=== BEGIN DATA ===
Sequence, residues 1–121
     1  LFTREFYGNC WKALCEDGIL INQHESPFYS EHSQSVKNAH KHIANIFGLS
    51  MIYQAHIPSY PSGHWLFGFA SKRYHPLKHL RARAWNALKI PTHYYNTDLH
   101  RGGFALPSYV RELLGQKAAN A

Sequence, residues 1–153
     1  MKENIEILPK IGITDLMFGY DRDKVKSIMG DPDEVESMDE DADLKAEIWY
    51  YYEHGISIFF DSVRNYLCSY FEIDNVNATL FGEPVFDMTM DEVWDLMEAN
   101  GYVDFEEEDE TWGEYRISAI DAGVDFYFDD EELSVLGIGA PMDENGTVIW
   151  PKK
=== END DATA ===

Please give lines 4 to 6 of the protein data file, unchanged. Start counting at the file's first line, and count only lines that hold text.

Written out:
   101  RGGFALPSYV RELLGQKAAN A

Sequence, residues 1–153
     1  MKENIEILPK IGITDLMFGY DRDKVKSIMG DPDEVESMDE DADLKAEIWY